Forty years ago, after more than a decade working to leave our planet, NASA launched an unprecedented mission to look back at home. Four decades later, the Landsat program is still going strong, with more than three million images of Earth in its archives and a new mission slated for launch in 2013.
On July 23, 1972, the Earth Resources Technology Satellite (later renamed Landsat 1) lifted off on a Thor-Delta (Delta 900) rocket from Vandenberg Air Force Base in California. The first images from the satellite’s Multispectral Scanner System (MSS) were received a day later by scientists gathered at NASA’s Goddard Space Flight Center in Maryland. The very first image in the Landsat archive is the MSS image above, showing the greater Dallas area of Texas on July 25, 1972. The resolution is 60 meters per pixel in this false-color image, where shades of red indicate vegetated land and grays and whites are urban or rocky surfaces.
Scientists involved in the mission weren't sure what to expect of the MSS, which used new fiber-optic technology, took pictures in four different bands of the spectrum, and scanned the Earth in strips. (More conventional television-style cameras—known as return beam vidicons (RBV)—had been expected to be the main workhorse of the satellite.) A group of scientists and technicians gathered at NASA Goddard with great anticipation, as the first MSS transmission was translated onto film by an electron beam recorder and then put into a viewing device.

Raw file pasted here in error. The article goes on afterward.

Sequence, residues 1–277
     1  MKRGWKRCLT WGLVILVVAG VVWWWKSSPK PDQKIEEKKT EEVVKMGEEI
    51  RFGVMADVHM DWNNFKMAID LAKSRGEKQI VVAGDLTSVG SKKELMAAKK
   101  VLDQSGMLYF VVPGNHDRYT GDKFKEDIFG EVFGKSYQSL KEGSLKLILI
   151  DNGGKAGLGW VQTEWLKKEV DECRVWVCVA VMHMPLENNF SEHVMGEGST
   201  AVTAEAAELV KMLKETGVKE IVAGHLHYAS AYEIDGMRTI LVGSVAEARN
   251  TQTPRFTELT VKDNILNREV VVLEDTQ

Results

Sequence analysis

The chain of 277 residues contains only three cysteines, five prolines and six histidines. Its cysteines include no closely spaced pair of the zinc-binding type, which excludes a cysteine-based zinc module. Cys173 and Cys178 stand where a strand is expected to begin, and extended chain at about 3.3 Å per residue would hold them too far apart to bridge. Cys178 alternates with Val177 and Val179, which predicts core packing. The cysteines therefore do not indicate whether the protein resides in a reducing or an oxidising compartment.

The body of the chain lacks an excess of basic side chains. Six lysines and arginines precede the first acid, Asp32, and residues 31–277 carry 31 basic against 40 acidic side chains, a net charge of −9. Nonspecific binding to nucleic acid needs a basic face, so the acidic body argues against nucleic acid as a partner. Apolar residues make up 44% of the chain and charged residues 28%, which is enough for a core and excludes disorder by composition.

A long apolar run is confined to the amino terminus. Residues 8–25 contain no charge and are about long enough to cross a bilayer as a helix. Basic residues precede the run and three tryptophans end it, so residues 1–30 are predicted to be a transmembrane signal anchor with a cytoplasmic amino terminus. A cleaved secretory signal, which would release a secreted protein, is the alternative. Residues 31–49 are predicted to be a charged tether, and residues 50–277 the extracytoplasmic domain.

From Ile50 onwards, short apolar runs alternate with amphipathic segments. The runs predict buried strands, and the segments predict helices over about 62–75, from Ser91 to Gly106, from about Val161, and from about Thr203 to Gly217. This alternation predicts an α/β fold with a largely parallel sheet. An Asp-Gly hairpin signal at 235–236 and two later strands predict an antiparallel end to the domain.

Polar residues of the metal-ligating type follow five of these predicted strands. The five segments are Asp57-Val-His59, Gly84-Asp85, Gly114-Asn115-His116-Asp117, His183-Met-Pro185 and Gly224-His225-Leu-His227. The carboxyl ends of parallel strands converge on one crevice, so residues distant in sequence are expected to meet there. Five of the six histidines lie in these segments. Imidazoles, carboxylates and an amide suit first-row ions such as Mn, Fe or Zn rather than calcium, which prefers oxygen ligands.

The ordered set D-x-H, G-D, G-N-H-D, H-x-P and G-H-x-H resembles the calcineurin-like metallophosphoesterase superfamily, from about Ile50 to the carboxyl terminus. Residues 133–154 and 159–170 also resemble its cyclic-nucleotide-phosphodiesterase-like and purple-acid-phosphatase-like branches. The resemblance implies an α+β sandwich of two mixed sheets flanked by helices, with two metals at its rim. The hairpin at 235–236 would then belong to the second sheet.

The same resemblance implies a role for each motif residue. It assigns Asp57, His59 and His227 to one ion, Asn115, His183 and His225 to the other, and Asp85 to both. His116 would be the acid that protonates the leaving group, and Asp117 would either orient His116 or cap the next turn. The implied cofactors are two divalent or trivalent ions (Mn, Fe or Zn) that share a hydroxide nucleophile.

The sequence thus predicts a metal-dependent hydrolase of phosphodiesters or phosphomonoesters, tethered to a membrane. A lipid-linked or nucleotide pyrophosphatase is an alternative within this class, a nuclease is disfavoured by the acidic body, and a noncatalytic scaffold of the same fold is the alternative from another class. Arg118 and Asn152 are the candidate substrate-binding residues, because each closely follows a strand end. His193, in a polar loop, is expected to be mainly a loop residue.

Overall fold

As the imagery scrolled into view, there were clouds...and then more clouds...and then land. But something looked strange. A technician in the room lamented: “lt’s terrible. It has moirÃ© patterns.” But after figuring out the location of the image—the Ouachita Mountain region in southeastern Oklahoma—scientists realized that the imagery was showing circular outcrops of the ancient fold mountains.
Any lingering anxiety in the room quickly turned to excitement, and skeptics were promptly converted into supporters. The well-known U.S. Geological Survey cartographer Alden Colvocoresses, who had been cynical about any cartographically accurate data being collected with “a little mirror in space,” turned to his colleagues after seeing the MSS imagery and said:“gentlemen, that’s a map.”
Read more about the history of the Landsat program in our new feature story: Landsat Looks and Sees.
NASA Earth Observatory image created by Robert Simmon, using Landsat data provided by the United States Geological Survey. Caption by Michael Carlowicz and Laura Rocchio.